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Inheritance of Semi-Sterility in Maize

R. A. Brink and C. R. Burnham
The American Naturalist
Vol. 63, No. 687 (Jul. - Aug., 1929), pp. 301-316
Stable URL: http://www.jstor.org/stable/2456973
Page Count: 16
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Inheritance of Semi-Sterility in Maize
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Abstract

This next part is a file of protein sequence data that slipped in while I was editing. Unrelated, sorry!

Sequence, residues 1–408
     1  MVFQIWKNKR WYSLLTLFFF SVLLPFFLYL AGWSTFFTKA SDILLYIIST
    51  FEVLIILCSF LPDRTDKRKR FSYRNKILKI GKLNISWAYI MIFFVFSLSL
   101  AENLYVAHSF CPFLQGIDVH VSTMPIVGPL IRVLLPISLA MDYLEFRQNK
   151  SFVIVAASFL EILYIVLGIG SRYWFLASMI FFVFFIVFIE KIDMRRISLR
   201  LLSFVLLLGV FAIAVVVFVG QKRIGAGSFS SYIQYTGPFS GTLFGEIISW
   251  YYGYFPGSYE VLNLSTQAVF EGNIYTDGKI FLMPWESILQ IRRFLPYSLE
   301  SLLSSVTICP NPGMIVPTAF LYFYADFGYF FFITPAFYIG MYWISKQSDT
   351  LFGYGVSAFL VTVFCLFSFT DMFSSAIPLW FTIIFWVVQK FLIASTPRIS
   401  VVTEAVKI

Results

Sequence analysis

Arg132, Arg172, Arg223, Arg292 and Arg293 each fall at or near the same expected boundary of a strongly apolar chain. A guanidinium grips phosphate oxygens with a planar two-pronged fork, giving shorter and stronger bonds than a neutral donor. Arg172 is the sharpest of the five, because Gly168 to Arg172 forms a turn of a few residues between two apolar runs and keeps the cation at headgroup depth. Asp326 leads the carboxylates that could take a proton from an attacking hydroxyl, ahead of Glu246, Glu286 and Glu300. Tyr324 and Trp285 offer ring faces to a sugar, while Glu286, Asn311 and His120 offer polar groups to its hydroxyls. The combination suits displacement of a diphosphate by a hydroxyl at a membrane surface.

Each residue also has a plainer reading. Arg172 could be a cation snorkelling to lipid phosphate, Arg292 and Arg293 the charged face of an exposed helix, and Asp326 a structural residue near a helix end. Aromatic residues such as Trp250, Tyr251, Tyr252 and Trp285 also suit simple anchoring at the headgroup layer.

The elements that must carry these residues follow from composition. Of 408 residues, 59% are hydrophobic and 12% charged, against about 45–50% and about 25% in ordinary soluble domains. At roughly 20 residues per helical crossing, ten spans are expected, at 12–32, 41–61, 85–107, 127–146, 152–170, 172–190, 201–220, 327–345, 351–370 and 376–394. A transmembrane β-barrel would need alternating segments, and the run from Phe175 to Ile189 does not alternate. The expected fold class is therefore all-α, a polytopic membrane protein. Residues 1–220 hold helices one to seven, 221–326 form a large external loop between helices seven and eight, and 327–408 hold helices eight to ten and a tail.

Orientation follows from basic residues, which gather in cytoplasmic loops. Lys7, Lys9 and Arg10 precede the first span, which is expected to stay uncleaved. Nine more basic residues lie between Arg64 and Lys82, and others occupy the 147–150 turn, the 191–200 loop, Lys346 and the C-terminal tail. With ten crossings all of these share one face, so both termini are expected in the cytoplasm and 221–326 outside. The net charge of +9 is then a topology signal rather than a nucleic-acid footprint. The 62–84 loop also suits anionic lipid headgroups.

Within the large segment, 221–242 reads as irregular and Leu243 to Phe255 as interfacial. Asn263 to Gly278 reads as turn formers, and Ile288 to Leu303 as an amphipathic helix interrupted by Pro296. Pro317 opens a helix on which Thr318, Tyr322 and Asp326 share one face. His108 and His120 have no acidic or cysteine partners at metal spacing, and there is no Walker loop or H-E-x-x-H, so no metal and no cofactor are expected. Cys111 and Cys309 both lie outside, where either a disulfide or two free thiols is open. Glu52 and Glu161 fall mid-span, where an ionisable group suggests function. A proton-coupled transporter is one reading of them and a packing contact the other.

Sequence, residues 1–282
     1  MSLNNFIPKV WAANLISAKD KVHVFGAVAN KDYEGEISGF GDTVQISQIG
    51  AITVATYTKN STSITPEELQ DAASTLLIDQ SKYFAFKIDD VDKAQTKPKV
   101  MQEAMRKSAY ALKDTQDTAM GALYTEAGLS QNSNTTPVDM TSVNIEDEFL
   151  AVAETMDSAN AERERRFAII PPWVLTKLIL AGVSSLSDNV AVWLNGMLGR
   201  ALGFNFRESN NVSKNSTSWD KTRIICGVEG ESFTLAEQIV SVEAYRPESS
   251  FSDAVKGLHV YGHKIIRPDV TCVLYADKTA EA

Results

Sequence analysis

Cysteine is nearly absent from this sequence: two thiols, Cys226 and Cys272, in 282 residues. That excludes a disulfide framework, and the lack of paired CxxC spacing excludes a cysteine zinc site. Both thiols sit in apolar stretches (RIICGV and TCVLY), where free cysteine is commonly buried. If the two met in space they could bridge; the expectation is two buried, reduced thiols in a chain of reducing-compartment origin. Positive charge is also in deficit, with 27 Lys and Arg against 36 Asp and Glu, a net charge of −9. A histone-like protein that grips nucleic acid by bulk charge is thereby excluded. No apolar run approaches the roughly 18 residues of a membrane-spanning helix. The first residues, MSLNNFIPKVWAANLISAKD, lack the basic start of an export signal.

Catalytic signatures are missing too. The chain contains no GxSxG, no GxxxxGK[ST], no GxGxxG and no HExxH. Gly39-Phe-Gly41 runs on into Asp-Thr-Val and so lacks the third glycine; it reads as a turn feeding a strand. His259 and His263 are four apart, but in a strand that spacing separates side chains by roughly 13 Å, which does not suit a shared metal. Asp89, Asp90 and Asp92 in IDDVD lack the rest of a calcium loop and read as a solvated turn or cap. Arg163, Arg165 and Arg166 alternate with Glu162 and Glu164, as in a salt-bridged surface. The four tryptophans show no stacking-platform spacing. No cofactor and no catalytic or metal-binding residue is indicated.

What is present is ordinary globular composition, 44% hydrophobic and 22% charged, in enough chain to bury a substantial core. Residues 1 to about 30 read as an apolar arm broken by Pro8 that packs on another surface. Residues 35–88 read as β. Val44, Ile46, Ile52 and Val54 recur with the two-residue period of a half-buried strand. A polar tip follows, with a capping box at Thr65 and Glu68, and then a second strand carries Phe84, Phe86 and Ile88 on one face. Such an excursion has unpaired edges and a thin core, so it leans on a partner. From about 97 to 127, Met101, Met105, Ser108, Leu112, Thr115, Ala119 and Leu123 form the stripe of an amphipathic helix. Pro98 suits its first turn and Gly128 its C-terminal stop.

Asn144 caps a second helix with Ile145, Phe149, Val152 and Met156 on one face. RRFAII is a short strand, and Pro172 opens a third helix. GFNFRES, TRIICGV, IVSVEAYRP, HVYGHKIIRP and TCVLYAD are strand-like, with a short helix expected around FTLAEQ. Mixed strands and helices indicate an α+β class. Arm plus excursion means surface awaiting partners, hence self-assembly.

(1) Reciprocal crosses between normal and semi sterile maize plants give equal numbers of normal and semi-sterile offspring. Self-pollination of semi-sterile individuals likewise produces the same two classes in the same proportion. (2) In explanation of these results it is suggested that a section of one chromosome carrying genes active in the Gallatin, or an entire chromosome, has become attached to a non-homologous member of the complement. The modified and normal chromosomes assort at random in the reduction divisions. Spores receiving the translocated section in duplicate or lacking it entirely abort. The other two classes are functional. (3) The existence of a new class of normal plants among the offspring of semi-sterile individuals has been definitely established. These plants, called x-normals, are fully fertile and give all semi-sterile when crossed with the original normal type. (4) If semi-sterility arises in a small proportion of the individuals in a population breeding at random the population will return quickly to its original condition. In a self-pollinated species, however, x-normal plants will become established and may eventually constitute 50 per cent. of the population, although attainment of this proportion is extremely slow after the first few generations.

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